At the just-opened 25-seat Virtù , (701 North Marshall Way, 480-946-3477, www.virtuscottsdale.com) chef Gio Osso proved to be a fine interpreter of Mediterranean food. Chickpeas in olive oil and thyme dusted with lemon zest and a charred octopus transported us to a tapas bar in Granada, and his housemade burrata stands up to that of any Italian farmer.

Festooned with Dia de los Muertos artwork, Barrio Queen (7114 East Stetson Drive Suite 105, 480-656-4197, www.barrioqueen.com) serves food of chef-owner Silvana Salcido Esparza’s native Sonora region. She shuttles across the border the ingredients that make up her 40 taco offerings. These are real workmen’s tacos: built on two warm, supple corn tortillas folded around long-cooked meat with nubs of char and topped with radish, onion, cilantro, and wedges of lime.

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We headed up to Sedona hungry for more Mexican cuisine. There are surprisingly few serious restaurants in Sedona, but with chef Jeff Smedstad’s Elote (771 Highway 179, 928-203-0105, www.elotecafe.com), perhaps it needs only the one. Each night people line up patiently, spilling down the stairs of this casual establishment located along a highway lined with car dealerships and fast-food outlets. We settled into an outdoor table warmed by a fire pit, at once ordering elote, the restaurant’s namesake dish. The base is sweet Silver Queen corn roasted in the husk until well charred, to which mayo, lime, and cotija cheese are added and served with crispy corn tortillas. The smoked chicken relleño defied the dish’s usual heaviness and featured a sauce of pureed sesame and pumpkin seeds.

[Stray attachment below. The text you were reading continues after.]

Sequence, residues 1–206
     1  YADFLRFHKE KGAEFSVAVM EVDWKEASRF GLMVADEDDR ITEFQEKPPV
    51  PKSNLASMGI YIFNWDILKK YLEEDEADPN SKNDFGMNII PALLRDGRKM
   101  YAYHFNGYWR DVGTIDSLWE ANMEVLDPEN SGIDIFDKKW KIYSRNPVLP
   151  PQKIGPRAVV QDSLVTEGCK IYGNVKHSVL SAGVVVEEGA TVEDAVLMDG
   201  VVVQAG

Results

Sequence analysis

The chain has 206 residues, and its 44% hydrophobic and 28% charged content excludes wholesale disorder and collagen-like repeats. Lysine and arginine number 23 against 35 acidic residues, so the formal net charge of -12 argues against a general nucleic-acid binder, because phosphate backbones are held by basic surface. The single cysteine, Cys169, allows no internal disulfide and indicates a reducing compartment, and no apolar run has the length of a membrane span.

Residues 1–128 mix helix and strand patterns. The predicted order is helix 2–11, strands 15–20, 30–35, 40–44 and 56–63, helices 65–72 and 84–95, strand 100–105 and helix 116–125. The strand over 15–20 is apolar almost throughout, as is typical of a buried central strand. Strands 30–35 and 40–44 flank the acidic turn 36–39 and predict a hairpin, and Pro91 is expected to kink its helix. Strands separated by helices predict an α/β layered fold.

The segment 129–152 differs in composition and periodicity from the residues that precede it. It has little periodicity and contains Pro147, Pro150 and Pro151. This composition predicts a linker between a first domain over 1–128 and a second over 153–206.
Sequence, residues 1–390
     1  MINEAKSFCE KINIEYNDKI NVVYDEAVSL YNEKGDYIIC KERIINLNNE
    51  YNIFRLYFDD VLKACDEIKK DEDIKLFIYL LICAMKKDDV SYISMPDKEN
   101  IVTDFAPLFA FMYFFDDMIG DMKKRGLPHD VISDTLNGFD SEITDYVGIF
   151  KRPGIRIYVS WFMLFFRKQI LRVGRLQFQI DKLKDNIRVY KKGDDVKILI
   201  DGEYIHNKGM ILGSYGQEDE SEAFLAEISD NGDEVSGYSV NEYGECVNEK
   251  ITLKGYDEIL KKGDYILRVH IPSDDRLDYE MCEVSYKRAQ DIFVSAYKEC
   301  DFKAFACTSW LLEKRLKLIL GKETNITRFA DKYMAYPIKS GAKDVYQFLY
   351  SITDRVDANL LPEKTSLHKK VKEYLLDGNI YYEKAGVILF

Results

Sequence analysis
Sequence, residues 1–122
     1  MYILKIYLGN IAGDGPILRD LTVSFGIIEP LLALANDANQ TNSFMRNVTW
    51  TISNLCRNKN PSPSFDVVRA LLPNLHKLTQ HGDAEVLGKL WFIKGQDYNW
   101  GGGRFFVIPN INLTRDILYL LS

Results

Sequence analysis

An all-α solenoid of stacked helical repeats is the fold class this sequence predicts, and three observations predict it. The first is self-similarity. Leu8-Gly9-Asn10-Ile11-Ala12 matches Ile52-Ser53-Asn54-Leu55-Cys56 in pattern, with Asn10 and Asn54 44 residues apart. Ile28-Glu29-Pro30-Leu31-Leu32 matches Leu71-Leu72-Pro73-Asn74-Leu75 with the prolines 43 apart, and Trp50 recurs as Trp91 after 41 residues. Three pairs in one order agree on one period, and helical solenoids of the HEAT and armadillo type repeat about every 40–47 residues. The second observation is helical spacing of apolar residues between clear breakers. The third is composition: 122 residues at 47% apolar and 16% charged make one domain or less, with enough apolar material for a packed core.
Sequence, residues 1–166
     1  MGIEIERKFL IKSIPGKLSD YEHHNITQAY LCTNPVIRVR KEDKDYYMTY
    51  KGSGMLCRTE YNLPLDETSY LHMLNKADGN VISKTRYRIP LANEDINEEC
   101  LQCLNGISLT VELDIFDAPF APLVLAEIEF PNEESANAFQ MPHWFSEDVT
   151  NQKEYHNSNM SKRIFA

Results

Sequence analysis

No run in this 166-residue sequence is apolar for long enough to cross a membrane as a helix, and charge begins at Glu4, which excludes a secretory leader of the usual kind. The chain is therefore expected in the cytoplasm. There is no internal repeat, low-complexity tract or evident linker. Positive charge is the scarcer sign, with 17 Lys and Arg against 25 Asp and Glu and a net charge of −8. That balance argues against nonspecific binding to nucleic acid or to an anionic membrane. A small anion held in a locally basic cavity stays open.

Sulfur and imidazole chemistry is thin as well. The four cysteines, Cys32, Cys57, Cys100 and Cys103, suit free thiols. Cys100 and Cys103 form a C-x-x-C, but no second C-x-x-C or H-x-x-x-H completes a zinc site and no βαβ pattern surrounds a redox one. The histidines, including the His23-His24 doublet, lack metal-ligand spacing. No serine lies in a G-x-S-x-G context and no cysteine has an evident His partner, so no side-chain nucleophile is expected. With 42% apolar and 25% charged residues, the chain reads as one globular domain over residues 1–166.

Flagstaff has its share of flannel shirts and the casual food to match. Walking into Coppa Cafe (1300 South Milton Road, No. 107, 928-637-6813, www.coppacafe.net), located in a shopping strip, we expected the food to resonate with the location. The restaurant’s name refers to a salt-cured pork shoulder, aged like prosciutto but for less time, that Paola Fioravanti, our hostess and chef along with husband, Brian Konefal, explained, is known as the “poor man’s prosciutto.” The analogy proved a perfect fit for the unassuming Coppa, where this European-trained couple serves such sophisticated wonders as local pasture-raised veal in a Blanquette stew, agnolotti filled with pork, and mandarin-steeped marshmallows.

Seasonal and farm-focused, Brix, (413 North San Francisco, 928-213-1021, www.brixflagstaff.com) two blocks north of downtown, offers American comfort food with attentive service. For this, our last Arizona dinner, we ate rabbit leg, a roasted beet salad, a little duck on polenta, crispy roast chicken, a bavette steak and frites, popcorn ice cream, and devil’s food cake.

Every Arizona meal had introduced us to a taste — this night it was the power of finger limes. The tiny balls of juice served atop a miniature chevre literally burst on the tongue. Cultivated in their native Australian rain forest? No, by an Arizona grower, of course.